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Can I use array as a member variable of a class in c++ in the following way? or Should I declare it as a pointer? The following code works fine. Is it correct way of doing it? (I made it public just for simplicity). I'm also not sure whether I'm using the map correctly or not.

#include <iostream>
#include <map>
#include <string.h>

using namespace std;

class SimpleMap{
    map<string,int> m;
    int i;
    int j[];
    SimpleMap(int ii);

SimpleMap::SimpleMap(int ii){
    i = ii;

int main(){
    SimpleMap mm(5);
    mm.m["one"] = 1;

    cout<<"hi hru";


    mm.j[0] = 11;
    cout << mm.j[0];

EDIT: I've add map member variable.

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Are you sure that works? It shouldn't. – Tom van der Woerdt Dec 31 '11 at 20:26
unfortunately it is working – FourOfAKind Dec 31 '11 at 20:28
There's a difference between "appearing to work" and "working". Just because nothing is obviously crashing or something doesn't mean that this is doing something reasonable. – Nicol Bolas Dec 31 '11 at 20:32
The header string.h is deprecated. Use cstring if you really need the C string manipulation API. But you should prefer string anyway. – pmr Dec 31 '11 at 20:32

3 Answers 3

up vote 3 down vote accepted

Actually, you already have a pointer. But it's uninitialized.

Setting j[0] will work in some cases, sure, but you're writing to unallocated memory, or worse, memory used by another object. Basically you're creating a massive hole in your application.

Consider using a std::vector, which simply does all the allocating/deallocating for you. If that's not an option, at least initialize the array and don't go further than you allocated.

j[] is simply *j which is only a pointer to a random memory address. Very, very, very bad.

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Could you please tell me whether I'm using the map properly? – FourOfAKind Dec 31 '11 at 20:51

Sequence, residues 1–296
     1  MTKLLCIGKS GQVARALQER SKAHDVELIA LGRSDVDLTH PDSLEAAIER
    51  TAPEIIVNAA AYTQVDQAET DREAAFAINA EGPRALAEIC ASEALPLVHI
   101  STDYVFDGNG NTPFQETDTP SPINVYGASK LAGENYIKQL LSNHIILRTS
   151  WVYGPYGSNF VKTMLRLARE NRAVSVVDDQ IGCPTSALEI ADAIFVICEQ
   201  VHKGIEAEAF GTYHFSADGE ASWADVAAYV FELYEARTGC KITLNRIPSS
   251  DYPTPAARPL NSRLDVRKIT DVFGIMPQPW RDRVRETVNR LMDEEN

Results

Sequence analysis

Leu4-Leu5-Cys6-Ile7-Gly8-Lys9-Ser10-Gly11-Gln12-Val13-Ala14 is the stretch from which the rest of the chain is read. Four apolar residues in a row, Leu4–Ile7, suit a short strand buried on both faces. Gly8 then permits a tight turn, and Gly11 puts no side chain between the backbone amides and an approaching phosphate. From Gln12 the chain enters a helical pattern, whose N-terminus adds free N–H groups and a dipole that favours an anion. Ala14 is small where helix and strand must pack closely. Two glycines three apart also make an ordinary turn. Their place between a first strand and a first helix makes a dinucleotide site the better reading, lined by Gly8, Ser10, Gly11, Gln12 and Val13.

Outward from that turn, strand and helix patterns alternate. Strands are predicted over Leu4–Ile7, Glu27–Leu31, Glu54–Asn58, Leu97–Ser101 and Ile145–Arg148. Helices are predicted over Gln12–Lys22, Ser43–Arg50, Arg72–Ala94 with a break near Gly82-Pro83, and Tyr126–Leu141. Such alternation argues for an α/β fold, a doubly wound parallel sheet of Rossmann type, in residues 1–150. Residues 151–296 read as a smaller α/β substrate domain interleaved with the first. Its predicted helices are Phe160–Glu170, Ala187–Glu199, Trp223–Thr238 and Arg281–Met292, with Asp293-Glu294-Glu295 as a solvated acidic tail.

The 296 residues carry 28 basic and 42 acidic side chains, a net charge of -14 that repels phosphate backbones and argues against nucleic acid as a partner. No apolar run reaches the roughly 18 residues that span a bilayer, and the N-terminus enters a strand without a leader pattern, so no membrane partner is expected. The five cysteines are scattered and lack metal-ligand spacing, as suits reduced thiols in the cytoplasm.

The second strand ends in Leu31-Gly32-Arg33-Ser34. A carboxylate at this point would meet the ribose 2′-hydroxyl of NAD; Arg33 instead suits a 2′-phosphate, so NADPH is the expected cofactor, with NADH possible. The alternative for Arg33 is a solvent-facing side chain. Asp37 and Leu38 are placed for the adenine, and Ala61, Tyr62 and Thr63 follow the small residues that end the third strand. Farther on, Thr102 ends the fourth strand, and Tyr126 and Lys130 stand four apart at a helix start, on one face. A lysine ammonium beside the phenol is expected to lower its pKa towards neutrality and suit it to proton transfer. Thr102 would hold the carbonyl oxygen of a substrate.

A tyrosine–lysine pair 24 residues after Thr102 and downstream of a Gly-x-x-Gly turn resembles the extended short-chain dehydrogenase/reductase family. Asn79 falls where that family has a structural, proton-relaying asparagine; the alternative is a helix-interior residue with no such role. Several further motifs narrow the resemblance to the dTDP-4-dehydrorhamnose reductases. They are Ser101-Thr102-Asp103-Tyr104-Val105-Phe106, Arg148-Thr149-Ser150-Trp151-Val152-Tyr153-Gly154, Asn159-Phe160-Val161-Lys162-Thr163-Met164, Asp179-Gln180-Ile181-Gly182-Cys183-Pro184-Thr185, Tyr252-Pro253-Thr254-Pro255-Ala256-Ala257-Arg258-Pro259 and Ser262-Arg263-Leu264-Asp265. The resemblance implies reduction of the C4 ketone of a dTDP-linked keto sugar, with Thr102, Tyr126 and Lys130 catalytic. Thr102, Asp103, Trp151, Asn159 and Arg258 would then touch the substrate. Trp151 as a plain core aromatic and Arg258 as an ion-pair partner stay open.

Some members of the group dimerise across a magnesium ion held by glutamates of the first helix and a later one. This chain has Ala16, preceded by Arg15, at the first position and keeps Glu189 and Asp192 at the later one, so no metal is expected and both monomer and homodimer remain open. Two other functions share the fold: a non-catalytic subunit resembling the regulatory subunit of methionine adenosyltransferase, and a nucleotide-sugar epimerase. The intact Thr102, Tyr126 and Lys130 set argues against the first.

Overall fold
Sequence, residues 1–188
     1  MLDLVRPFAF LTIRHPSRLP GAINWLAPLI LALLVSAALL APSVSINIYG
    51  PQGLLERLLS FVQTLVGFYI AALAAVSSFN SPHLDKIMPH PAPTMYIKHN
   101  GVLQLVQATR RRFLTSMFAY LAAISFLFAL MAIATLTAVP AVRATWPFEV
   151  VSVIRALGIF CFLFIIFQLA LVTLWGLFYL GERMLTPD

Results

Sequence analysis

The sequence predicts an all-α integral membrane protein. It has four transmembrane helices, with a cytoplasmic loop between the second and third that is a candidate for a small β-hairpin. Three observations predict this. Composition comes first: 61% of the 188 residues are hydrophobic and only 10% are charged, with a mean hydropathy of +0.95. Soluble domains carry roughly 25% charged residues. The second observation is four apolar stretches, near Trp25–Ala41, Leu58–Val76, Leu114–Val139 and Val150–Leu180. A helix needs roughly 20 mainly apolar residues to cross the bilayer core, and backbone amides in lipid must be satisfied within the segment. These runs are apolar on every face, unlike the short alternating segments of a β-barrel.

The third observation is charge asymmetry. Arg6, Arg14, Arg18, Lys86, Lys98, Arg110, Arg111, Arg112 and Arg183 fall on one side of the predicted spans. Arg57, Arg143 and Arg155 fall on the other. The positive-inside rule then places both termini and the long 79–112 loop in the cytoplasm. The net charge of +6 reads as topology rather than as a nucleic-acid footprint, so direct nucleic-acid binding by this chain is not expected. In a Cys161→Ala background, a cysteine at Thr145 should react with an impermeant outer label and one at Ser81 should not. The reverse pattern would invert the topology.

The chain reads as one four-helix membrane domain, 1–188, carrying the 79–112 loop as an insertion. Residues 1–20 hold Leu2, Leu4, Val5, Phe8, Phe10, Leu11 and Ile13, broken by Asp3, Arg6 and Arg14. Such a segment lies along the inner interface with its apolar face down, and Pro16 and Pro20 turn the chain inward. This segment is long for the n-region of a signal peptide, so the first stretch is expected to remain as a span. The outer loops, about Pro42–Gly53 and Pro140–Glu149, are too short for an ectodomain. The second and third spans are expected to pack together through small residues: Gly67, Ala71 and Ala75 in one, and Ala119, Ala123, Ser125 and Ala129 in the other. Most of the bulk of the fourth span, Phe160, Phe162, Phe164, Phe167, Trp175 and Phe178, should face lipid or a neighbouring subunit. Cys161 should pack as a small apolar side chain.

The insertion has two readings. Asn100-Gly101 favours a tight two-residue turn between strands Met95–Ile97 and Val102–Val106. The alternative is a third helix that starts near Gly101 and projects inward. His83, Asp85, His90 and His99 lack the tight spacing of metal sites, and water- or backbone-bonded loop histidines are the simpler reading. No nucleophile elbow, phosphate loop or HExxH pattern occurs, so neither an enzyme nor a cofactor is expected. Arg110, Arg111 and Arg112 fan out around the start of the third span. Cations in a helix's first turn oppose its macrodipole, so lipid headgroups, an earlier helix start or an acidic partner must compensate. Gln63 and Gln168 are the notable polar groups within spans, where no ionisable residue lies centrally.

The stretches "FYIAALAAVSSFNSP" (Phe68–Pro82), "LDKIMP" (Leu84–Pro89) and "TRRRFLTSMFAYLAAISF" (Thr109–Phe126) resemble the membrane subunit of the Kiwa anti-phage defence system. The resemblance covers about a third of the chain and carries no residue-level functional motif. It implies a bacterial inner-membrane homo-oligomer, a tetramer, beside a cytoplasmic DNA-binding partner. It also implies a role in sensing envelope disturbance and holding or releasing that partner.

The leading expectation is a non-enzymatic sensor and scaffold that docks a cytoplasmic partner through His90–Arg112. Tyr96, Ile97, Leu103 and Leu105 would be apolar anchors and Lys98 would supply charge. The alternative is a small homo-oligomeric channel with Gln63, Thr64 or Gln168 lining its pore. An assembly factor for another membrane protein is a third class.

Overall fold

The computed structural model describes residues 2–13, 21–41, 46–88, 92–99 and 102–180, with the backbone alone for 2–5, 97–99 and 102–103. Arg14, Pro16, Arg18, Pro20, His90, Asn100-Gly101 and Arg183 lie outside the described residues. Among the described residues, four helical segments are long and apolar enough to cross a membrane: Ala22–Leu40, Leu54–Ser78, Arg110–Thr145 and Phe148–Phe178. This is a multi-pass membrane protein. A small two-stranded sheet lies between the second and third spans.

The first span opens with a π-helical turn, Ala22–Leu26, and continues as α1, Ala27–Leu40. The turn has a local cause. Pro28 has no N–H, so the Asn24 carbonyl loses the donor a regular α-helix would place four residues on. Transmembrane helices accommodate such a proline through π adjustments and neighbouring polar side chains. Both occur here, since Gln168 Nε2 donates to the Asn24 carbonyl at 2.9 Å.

You are. It's very hard to create memory leaks with a std object. :-) – Tom van der Woerdt Dec 31 '11 at 20:54
@Tom: ; new std::vector<double>(500);. That was easy! >_> ... <_< ... >_> – Xeo Dec 31 '11 at 21:00
@Xeo Well, who would use a vector like that anyway? Besides, a good compiler will give a warning about that. – Tom van der Woerdt Dec 31 '11 at 21:02
@Tom: It was just meant as a joke answer to your "very hard". :) – Xeo Dec 31 '11 at 21:03
int j[];

Is not what you think it is. This actually defines a pointer: int* j;, which is left uninitialized, and from which you're reading in the uninitialized state, which is undefined behaviour, aka wrong.

Just use a std::vector.

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I'm actually confused how to use these compound data structures as data members of a class. I posted another snippet which uses map as data member. Could plz see if I am doing it wrong and that piece is also working fine. – FourOfAKind Dec 31 '11 at 20:34
Why does such a declaration as a class member compile fine, but it's an error if you put it in function body (of both free and member function)? – jrok Dec 31 '11 at 20:37
@Jrok: Could you please elaborate? – FourOfAKind Dec 31 '11 at 20:43
@Lamia: The map is fine as you use it, though you won't get away with only using operator[] later on. :) Get friendly with map.find. – Xeo Dec 31 '11 at 20:56
Ok. Thanks a lot. – FourOfAKind Dec 31 '11 at 20:59

No,I think int j[]; is used when you initialize the array on it's declaration.You should provide an upper bound to the array.I think this would be correct int j[]={3,2,1}; .

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Too bad you can't do that inside of a class definition. – Xeo Dec 31 '11 at 20:32
@Tom: Not if you have a int j[] member, and especially not with that syntax. – Xeo Dec 31 '11 at 20:54

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